Critical questions for large societies revolve around whose behaviors anticipate future repercussions - be they socio-legal or health-based - and whose do not. We used an evolutionary Life History Framework with a sample of UK-based, self-defined “active” ravers (n = 506) to better understand attendance of, and behavior at, mass events where chances of infection were high during the COVID-19 pandemic. During periods of the COVID-19 lockdown in the UK, 42% of participants reported still attending underground raves. Just over half of these individuals wore facemasks and regularly washed their hands at lockdown raves; perhaps unsurprisingly demonstrating significantly lower levels of pandemic-compliant behavior than reported by the general public in their day-to-day lives. Nonetheless, we found that ‘active’ ravers, in general, conformed to household mixing lockdown rules significantly better than over-80 s who had received a single dose of the vaccine. Ravers reporting faster life history strategies (i.e., more focus on proximal outcomes, reduced future orientation), broke more lockdown rules at these events. Those with slower life history strategies (increased distal or future orientation) reported the greatest improvements to their wellbeing following lockdown raves. An evolutionary life history framework can be used to target campaigns encouraging norm compliance toward populations who are most likely to break important health guidelines.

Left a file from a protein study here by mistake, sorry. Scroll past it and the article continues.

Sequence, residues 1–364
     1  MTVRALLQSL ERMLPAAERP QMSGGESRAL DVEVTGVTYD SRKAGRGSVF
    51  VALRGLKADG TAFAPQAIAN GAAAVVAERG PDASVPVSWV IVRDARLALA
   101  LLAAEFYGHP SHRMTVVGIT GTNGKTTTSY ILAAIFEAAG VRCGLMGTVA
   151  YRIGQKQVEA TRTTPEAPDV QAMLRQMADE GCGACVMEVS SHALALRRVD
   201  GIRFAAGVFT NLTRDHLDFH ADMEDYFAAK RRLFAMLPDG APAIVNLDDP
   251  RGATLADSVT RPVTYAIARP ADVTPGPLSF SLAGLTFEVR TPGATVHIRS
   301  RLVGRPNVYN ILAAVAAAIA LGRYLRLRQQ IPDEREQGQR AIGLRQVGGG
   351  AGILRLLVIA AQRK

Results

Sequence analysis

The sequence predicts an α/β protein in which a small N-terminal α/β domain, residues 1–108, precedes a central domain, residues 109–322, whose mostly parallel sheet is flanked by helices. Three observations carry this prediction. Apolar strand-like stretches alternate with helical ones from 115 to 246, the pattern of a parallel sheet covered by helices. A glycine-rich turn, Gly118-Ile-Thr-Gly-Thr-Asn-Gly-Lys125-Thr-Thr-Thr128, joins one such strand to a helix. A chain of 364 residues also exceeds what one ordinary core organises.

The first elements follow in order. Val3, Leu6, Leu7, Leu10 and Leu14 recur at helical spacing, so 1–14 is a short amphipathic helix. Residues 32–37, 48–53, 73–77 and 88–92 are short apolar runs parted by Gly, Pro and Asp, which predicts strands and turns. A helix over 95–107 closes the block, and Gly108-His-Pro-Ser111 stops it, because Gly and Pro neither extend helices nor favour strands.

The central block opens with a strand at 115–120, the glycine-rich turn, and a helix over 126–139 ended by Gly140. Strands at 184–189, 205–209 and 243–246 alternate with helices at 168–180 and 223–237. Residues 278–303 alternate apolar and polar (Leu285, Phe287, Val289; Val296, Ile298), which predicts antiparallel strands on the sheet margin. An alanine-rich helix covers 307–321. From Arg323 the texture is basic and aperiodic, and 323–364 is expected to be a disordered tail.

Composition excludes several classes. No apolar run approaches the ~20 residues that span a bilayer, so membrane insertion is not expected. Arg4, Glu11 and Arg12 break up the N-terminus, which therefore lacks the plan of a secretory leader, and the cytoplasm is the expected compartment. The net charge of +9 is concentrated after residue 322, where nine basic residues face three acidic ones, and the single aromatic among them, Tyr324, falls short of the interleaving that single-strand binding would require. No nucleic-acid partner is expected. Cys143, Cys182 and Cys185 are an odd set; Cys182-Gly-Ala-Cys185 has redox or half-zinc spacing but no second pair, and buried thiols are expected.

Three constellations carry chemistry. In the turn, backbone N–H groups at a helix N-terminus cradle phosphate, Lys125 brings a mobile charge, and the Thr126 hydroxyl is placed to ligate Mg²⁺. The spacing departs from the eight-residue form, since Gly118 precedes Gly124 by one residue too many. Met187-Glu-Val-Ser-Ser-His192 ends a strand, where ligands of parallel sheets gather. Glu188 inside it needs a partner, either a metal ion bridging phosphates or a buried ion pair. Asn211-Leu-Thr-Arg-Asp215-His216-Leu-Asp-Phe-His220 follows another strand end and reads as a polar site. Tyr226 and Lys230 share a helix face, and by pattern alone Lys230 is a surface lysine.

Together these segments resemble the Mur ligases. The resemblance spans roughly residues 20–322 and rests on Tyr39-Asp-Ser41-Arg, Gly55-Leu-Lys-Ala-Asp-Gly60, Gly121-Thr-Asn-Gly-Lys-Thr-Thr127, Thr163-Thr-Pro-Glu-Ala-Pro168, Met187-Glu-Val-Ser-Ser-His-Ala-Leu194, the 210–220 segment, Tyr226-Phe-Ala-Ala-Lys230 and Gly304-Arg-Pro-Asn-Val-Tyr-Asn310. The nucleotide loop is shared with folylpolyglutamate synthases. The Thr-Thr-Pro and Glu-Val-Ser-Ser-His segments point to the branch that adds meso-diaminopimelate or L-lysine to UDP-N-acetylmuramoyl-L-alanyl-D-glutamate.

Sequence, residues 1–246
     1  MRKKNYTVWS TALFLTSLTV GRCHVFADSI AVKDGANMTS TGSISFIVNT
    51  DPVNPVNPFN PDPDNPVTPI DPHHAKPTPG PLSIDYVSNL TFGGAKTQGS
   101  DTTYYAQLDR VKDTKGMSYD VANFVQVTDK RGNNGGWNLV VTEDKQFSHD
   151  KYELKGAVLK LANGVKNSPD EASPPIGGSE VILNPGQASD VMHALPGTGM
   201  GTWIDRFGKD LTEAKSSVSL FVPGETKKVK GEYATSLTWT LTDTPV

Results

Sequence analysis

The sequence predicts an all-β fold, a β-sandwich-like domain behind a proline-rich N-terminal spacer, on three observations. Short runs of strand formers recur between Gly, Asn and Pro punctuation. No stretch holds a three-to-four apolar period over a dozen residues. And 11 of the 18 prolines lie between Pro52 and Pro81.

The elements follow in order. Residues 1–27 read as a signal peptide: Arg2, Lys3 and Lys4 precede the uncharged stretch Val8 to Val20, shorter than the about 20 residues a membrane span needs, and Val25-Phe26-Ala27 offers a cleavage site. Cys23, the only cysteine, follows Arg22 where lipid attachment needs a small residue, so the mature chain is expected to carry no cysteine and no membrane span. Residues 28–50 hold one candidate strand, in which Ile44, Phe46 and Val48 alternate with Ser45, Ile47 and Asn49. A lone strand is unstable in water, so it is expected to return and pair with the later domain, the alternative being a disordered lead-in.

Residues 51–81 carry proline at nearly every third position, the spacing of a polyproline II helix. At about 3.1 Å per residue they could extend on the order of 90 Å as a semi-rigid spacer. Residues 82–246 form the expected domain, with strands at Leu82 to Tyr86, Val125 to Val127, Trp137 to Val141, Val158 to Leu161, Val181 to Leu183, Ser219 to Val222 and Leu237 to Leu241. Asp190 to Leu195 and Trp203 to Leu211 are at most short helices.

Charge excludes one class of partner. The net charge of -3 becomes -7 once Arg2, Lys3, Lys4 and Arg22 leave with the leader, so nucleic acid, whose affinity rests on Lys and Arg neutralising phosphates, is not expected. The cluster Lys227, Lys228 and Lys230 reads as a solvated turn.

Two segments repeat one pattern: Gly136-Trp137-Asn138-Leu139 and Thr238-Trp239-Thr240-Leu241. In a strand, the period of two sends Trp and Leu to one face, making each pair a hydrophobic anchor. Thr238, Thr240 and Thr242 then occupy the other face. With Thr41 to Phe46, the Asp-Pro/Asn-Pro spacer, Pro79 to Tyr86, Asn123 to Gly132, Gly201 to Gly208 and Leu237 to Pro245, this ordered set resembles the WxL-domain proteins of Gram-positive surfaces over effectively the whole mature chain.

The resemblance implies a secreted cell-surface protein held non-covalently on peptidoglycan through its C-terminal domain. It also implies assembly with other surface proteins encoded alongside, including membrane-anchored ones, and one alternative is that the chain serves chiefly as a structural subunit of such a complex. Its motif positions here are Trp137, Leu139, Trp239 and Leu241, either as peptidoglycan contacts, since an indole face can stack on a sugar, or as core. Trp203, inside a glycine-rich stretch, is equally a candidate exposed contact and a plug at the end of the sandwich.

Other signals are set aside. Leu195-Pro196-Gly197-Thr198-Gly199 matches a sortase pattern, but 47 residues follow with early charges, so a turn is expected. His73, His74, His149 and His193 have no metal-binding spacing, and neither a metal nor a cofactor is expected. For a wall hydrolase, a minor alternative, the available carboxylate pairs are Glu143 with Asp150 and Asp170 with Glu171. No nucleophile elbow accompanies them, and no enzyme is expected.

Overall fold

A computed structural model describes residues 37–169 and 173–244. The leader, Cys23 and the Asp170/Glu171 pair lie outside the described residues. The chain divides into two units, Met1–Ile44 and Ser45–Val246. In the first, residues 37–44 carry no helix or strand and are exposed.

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- future orientation
- life history theory